Learning Scala? Learn the Fundamentals First

A few weeks back I gave my talk at JavaOne 2011 titled “The Scala Language Tour”, if you’re at all interested you can grab the slides and examples from github.

The session was very well received, my only enemy was time! Given 1 hour, how does one give 170+ people a taste of all that’s Scala without completely starving them of details? Lots and lots and lots of dry-runs of your presentation, that’s how. I must have iterated my talk a dozen or more times. I just couldn’t bring myself to trimming any more fat. The short story is, I could have used 5-10 more minutes. A crucial set of slides had to be omitted concerning the “Tuple” in Scala.

Tuple?

The Tuple is such a simple concept and it winds up being fundamental. The trick is recognizing their various uses throughout code.  One of the first slides I show is of this rather “toy problem”:

Believe it or not this is a really simple example

I chose this example because it shows off almost everything you need to know in order to get started with Scala.  How so you may ask?  Well, it demonstrates the use of:

  • Two Fundamental Syntax Rules
  • Higher-Order Functions
  • Anonymous Function Literals
  • Type Inference
  • Tuples

Fundamental Syntax Rules

First of all there are some syntax rules in Scala which, if not studied early enough in your learning of the language, could really throw you for a loop.  In the example above, two such rules are at play (three if you count the creation of a Tuple using only parenthesis, more on that later):

  1. A member function of a Class or Trait which accepts exactly one parameter can use a space instead of a dot when calling the function and use braces instead of parenthesis to surround the one parameter the function accepts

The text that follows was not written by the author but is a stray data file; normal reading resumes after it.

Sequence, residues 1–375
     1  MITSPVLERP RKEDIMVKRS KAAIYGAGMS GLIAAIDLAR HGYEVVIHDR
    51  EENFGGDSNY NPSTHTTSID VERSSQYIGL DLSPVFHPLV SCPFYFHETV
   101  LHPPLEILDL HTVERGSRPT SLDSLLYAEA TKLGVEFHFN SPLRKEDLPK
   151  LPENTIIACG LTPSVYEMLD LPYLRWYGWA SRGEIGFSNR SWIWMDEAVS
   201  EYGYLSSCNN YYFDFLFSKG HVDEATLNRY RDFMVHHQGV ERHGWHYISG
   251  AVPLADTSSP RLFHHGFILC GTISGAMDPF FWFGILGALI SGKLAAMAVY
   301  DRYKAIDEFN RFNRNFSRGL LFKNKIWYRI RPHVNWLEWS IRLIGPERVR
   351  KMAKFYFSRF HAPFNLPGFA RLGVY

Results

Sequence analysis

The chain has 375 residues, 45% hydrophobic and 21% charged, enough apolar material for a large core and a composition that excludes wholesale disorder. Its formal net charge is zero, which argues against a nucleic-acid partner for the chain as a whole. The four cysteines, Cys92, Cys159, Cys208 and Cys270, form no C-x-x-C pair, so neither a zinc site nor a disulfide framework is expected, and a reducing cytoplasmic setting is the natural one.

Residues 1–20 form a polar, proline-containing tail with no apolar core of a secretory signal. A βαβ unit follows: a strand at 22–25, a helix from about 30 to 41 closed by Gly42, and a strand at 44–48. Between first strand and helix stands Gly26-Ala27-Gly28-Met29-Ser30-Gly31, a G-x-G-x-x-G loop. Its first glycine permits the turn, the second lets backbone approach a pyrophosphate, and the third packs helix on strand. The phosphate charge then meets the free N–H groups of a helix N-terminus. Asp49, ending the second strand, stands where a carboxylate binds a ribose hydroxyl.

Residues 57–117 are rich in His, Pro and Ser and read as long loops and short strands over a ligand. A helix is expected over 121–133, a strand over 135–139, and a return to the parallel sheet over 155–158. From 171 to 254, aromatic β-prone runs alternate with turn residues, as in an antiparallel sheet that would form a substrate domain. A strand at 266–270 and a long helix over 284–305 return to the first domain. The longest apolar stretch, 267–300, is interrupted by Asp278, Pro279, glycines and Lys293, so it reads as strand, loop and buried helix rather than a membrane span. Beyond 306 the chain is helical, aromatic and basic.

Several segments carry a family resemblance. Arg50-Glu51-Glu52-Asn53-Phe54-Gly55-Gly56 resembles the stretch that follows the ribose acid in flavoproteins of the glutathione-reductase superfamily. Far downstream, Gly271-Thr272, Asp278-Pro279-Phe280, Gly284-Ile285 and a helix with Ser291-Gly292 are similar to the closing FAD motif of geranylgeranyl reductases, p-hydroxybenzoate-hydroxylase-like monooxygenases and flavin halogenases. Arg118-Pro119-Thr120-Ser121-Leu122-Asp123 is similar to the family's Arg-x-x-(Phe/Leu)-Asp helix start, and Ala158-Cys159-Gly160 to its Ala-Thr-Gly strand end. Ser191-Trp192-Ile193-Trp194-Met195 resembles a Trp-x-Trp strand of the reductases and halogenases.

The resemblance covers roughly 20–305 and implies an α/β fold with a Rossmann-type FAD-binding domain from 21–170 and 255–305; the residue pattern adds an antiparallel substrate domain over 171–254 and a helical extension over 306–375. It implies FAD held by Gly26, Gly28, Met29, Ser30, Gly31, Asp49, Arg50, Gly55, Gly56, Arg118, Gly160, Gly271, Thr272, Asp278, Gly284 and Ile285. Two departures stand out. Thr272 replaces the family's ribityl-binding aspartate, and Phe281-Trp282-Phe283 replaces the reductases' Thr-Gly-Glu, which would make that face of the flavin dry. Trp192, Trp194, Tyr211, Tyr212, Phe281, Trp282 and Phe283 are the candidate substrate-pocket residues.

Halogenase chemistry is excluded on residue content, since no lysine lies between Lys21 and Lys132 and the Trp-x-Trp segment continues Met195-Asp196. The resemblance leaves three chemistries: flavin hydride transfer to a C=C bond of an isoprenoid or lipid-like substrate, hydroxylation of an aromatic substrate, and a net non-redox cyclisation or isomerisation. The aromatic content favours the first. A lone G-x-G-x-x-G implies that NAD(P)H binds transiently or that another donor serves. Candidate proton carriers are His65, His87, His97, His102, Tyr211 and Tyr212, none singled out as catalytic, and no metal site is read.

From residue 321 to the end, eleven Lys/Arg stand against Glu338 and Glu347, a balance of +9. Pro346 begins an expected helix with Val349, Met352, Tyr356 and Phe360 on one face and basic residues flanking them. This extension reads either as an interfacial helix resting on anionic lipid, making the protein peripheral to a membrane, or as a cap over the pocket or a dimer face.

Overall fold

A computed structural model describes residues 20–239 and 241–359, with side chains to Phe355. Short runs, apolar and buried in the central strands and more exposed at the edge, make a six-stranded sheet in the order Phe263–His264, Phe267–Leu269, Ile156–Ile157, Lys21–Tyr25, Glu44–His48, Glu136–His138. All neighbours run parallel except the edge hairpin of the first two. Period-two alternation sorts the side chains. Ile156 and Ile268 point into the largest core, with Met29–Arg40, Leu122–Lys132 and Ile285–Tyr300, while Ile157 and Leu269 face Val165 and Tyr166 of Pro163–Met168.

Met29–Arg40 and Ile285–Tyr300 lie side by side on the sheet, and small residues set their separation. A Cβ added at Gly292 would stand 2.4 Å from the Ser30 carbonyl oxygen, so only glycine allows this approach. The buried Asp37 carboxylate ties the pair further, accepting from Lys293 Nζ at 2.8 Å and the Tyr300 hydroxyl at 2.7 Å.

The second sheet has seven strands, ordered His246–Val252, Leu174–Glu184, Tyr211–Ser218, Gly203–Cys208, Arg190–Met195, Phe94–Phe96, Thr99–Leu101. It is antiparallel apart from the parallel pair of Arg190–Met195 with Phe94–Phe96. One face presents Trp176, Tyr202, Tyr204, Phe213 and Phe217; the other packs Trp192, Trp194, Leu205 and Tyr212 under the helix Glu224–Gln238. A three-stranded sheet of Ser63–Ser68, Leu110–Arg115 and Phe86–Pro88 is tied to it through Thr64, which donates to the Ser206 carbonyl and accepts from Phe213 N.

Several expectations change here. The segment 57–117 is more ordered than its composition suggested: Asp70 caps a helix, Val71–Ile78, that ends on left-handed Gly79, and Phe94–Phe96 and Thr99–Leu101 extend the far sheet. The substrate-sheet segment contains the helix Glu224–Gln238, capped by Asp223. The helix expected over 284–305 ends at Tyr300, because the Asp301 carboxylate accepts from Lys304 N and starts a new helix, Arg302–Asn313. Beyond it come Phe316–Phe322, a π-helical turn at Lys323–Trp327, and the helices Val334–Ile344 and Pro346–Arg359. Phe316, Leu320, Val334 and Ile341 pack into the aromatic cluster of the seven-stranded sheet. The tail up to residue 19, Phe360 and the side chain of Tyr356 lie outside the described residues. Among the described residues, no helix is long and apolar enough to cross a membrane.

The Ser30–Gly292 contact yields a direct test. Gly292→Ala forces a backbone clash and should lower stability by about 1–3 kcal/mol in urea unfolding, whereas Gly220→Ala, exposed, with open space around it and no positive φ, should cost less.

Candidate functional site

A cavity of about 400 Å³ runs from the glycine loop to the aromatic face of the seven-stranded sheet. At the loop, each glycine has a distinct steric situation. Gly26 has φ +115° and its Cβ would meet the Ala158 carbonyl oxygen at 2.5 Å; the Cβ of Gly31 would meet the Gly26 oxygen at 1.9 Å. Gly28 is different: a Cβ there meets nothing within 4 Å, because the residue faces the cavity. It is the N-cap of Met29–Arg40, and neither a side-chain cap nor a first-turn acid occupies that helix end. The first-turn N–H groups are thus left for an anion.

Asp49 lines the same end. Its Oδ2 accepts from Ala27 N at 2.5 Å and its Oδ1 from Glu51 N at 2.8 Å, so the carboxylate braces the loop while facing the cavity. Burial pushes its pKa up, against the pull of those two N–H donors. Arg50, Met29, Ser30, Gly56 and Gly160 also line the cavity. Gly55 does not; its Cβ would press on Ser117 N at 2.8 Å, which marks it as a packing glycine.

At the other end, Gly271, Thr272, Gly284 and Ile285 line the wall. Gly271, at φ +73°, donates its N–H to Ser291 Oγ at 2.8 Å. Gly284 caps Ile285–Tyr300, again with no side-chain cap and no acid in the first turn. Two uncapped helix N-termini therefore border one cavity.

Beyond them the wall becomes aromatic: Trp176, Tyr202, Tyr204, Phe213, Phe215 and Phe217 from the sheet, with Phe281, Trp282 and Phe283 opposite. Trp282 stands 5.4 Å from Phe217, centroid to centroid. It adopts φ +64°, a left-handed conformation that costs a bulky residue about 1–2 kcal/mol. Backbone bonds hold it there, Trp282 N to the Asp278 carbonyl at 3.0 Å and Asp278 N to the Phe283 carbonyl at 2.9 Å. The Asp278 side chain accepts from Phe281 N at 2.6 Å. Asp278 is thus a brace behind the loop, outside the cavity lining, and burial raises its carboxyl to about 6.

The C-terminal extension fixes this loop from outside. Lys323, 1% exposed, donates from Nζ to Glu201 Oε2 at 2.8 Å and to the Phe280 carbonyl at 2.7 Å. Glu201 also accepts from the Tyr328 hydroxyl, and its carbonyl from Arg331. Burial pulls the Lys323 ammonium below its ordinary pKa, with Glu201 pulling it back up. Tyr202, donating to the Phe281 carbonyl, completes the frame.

2. The last expression of a function is it’s return value
So in our example:
   m.map { t => val (s,i) = t; (s, i+1) }
The instance “m” has a function called “map” which takes one parameter.  Instead of using the typical parenthesis characters (…) to contain the parameter, we use braces {…}.  Why?  Mostly because syntactically this looks nicer.  In fact, let’s rewrite our compressed example as follows:
   m map { 
     t => 
        val (s,i) = t
        (s, i+1)
   }

I got rid of the dot between the instance variable “m” and the function “map”.  I also uncompressed the code a bit by removing  the semicolon and replacing it by a newline. Semicolons are only needed in Scala when you want to write two separate expressions on the same line.

Higher-order Functions

One of the tennets of Functional Programming (FP) is Higher-Order functions.  Scala being a language which supports FP has them.  So what are they?  Well, they are functions that can accept another function as a parameter, or return another function as a value.
Remember how I applied the first of the two syntax rules above?  I could only do that  because “map” is a function that takes one parameter.  The type of that parameter is itself a Function.  So “map” is a higher-order function; in this case, a function that takes a function as a parameter.


Anonymous Function Literals

You might be scratching your head and saying to yourself: “map doesn’t appear to take a function at all but rather it seems to be passed a block of code!”.  While Scala does facilitate such things via named-parameters, that’s not what is happening in the example.  Instead, a Function Literal is being created.  You can think of Function Literals as Anonymous Functions.  Where the normal syntax for defining a named function in Scala looks like this:
   def foo(x: Int): String = "You passed me a: " + x
A function literal does away with the name of the function and instead you can just inline the parameter and the function body like so:
   (x: Int) => "You passed me a: " + x
If we weren’t passing that function as a parameter to another function, we might just as well assign it to a variable for later usage: